I have been writing this post off and on for about three hours. Jeff has said a couple times, “You’re still writing that?” (And standing behind me a moment ago, he said, “Oh, this is the part where you talk about what’s going on right now…” That Jeff, he can be funny, and then other times he thinks he’s being funny but he’s not.) But I’m glad I got a bit of an outline started – what I’m reading, what I plan to read soon, and the next batch of books on my radar. Just one small step toward getting my head in order.

© All the parts of my life 2008-2015.

  1. Marie

    Wow! 47 books in 2008 is VERY impressive. Congratulations! I’m ashamed to admit how many books I’ve read this year. The number is actually an all-time high for me when it comes to getting some “leisurely reading” done – so that is a positive. But the amount is not nearly as close to what you have completed!

    I see you just read The History of Love – what did you think? That was the last book I finished a month or so ago. I thought it was fine – not fantastic, but good. I love the way Krauss uses language – she is obviously a poet. And yet, I had some problems with the story itself.

    As for your to-read list: The Time Traveler’s Wife is just so-so. That was one of my completed books this year. I was actually pretty disappointed by it given how LONG it is! It felt like the author just wanted to see every single word she had written in print and did not allow for proper editing. It was too much. The ending was just lackluster, but man, I was glad it was over! Just my two cents…

    I hear Lydia Davis is good. I have been trying to finish her novel The End of the Story since I got it in 2005… Not that it’s bad… I just have a really bad record when it comes to finishing books! :-p I’d be interested in knowing what you think of her short stories.

    Anyhoo – I hope you are doing well, overall. Keep reading!!

  2. HeathMochaFrost

    Marie – Great to hear from you! Thanks for your comments!

    The History of Love was hard to follow because Krauss’ plotting was (as you know) not linear, and I could see where many readers would be frustrated by that. But, I liked those two main voices (Leo and Alma, am I remembering their names right? – the old man, and the girl), SO MUCH, I wanted to keep reading. Their voices were both really distinctive, and I admire authors who can do that, especially within one book. Once I was into the second half, I didn’t want to put it down, and got through it as fast as I could! Yeah, I REALLY liked it. 🙂 Just a week or two after finishing it, I found a copy of Krauss’ Man Walks into a Room and bought it IMMEDIATELY.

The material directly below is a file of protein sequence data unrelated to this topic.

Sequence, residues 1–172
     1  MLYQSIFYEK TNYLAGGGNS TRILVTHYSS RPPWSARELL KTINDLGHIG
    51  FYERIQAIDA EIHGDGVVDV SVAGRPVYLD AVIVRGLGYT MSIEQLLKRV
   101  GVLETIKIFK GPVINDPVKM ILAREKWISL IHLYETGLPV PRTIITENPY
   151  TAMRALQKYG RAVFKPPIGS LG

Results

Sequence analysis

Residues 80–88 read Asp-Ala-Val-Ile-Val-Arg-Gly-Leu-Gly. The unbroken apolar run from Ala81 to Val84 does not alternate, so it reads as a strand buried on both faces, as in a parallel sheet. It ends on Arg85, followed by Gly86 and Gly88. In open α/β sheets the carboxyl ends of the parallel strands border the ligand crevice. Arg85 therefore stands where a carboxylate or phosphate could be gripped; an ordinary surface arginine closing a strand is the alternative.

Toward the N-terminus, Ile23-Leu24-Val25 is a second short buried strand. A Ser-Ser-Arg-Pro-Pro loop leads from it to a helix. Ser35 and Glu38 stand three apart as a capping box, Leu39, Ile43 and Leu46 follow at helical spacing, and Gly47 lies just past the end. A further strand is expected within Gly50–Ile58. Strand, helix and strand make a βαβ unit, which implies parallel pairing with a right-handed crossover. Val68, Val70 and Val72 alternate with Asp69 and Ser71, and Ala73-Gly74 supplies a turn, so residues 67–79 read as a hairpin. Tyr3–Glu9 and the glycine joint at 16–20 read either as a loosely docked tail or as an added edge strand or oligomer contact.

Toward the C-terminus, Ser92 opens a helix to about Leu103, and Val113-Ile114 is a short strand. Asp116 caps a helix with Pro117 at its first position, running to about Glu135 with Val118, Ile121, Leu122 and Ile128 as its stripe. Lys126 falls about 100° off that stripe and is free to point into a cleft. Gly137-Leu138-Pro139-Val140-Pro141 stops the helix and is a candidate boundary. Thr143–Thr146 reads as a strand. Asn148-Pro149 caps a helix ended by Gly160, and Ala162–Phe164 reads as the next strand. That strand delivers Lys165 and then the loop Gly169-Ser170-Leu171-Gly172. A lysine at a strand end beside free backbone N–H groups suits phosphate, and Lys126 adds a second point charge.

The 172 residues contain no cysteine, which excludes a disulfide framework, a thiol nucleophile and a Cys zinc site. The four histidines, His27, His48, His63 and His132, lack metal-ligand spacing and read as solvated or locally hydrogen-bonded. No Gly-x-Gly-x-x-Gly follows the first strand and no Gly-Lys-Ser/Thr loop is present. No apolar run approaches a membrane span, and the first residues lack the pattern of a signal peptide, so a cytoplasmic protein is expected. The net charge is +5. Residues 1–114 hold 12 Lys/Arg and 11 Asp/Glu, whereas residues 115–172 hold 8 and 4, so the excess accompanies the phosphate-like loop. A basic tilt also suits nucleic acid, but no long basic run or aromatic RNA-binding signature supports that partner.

Thanks for the tip on The Time Traveler’s Wife, I’ll keep that in mind. I’d seen it recommended highly on LibraryThing, so that piqued my interest, but when I get to it, if I find it’s not for me, I can always donate it to the annual library sale. 🙂

    As for not finishing books, there were a few this year that I didn’t finish, either because of time constraints (usually those are library books) or because I just didn’t get into it. I’ve heard that not finishing books can be a good thing, though, because you’re “sampling” more of them, and also not “forcing” yourself to read something that you’re just not enjoying. There are too many excellent books out there to finish ones we don’t like!

    Oh – Lydia Davis – I read her story collection Break It Down in October, and while I didn’t love every story, I liked most of them, and her writing style is really unusual, and I found it exciting and wished I could write like that. I haven’t seen the novel, not sure if the same style would work as well there as it does in the short works.

    I must get back to work – sigh. Stay warm and well!